The 2017 State of the State Poll

The fourth annual State of the State poll from Georgia College’s Department of Government and Sociology was released yesterday afternoon. In the spring, 500 Georgians aged 18 and older took part in a survey with questions on a wide range of issues, including medical marijuana, casinos, Obamacare, same-sex marriage, and campus carry.

A strong plurality (48 percent) believe the state is headed in the right direction, with education far and away the most pressing issue to respondents (29 percent). When asked if they would be willing to pay higher taxes in order to fund better educational opportunities for children in their area, a majority said yes. When broken down by race, a majority of all demographics responded favorably, with the exception of whites (48 percent). Charter schools enjoy strong support in Georgia (60 percent), with majority support from all racial demographics. Geographically, Metro Atlantans support charter schools more strongly than other areas.

Nathan Deal is the most popular politician in the state (51 percent approval), followed by David Perdue (46 percent approval). Weirdly, Hispanics support Perdue more strongly than any other racial group (55 percent approve), most likely because his RAISE Act is not well known.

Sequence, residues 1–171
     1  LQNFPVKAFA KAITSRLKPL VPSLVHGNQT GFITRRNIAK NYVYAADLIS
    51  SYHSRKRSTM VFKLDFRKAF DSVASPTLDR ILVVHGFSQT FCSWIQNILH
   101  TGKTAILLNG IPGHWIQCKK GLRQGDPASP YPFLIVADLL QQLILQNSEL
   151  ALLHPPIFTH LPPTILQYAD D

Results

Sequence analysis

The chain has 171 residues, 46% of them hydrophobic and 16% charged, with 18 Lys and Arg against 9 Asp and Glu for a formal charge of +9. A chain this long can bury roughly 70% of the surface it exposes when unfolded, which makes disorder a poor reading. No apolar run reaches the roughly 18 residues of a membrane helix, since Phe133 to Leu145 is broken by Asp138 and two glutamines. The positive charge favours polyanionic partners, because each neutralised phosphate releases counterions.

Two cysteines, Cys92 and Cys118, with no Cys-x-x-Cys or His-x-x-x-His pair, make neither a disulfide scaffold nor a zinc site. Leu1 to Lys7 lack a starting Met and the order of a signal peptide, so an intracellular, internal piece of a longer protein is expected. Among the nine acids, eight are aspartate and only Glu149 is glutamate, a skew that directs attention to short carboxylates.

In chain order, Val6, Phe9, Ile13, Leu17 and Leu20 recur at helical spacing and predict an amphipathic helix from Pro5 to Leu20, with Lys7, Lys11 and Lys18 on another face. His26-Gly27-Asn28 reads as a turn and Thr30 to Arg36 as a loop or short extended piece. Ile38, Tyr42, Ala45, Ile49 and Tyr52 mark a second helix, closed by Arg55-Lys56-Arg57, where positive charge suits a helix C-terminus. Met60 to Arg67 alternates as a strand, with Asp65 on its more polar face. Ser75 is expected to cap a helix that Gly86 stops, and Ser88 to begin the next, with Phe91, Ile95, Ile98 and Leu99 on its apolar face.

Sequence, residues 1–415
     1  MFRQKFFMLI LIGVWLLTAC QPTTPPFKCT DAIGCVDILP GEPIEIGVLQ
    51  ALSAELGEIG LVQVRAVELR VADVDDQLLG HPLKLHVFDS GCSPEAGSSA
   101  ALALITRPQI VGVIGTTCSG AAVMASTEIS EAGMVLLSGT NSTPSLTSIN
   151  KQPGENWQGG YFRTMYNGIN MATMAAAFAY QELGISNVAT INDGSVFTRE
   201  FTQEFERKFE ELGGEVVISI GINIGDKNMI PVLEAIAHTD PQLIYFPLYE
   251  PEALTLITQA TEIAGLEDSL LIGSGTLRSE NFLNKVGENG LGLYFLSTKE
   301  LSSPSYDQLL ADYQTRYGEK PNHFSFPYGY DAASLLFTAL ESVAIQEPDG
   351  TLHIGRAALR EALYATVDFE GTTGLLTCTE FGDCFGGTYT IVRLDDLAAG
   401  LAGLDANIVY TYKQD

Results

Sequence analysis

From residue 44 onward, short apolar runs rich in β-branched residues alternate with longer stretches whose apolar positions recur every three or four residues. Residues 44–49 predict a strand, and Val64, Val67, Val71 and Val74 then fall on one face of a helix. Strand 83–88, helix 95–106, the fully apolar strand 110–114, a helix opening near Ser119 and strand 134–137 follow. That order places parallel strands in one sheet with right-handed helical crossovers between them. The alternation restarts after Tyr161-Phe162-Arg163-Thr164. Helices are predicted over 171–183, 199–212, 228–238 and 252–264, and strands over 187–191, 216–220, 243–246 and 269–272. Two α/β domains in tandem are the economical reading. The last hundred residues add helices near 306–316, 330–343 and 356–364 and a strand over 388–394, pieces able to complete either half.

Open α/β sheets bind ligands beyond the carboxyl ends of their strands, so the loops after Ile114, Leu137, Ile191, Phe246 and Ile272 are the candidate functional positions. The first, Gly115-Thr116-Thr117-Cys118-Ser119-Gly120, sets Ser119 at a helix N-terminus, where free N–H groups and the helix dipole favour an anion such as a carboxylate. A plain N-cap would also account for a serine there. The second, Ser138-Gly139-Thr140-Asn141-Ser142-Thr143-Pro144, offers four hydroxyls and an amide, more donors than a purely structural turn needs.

51 percent approve of the Patient Protection and Affordable Care Act (PPACA, or Obamacare), with African-Americans and Hispanics overwhelmingly supporting the law. Whites are opposed two-to-one. Unfortunately, the poll does not contain a question about expanding Medicaid. However, the poll did ask about legalizing medical marijuana, which enjoyed the approval of 78 percent of respondents. Same-sex marriage remains a divisive issue in Georgia (45 percent approval, 44 percent disapproval), even years after the Supreme Court’s ruling.

Most survey respondents approve of casino gambling (58 percent) and Sunday sales of alcoholic beverages (also 58 percent). 48 percent oppose a new fee on out-of-state wire transfers.

Finally, respondents strongly opposed campus carry — across all racial demographics. While a majority of both genders were opposed to campus carry, women were far more opposed than men (73 percent vs. 54 percent).

Given how Tuesday’s elections went across the country, incumbents might take note of the answers folks gave here. There’s no guarantee that this poll will accurately resemble the portions of the electorate that will show up to the polls next November, but it should alarm the Powers That Be that the responses lean unusually left on several occasions.

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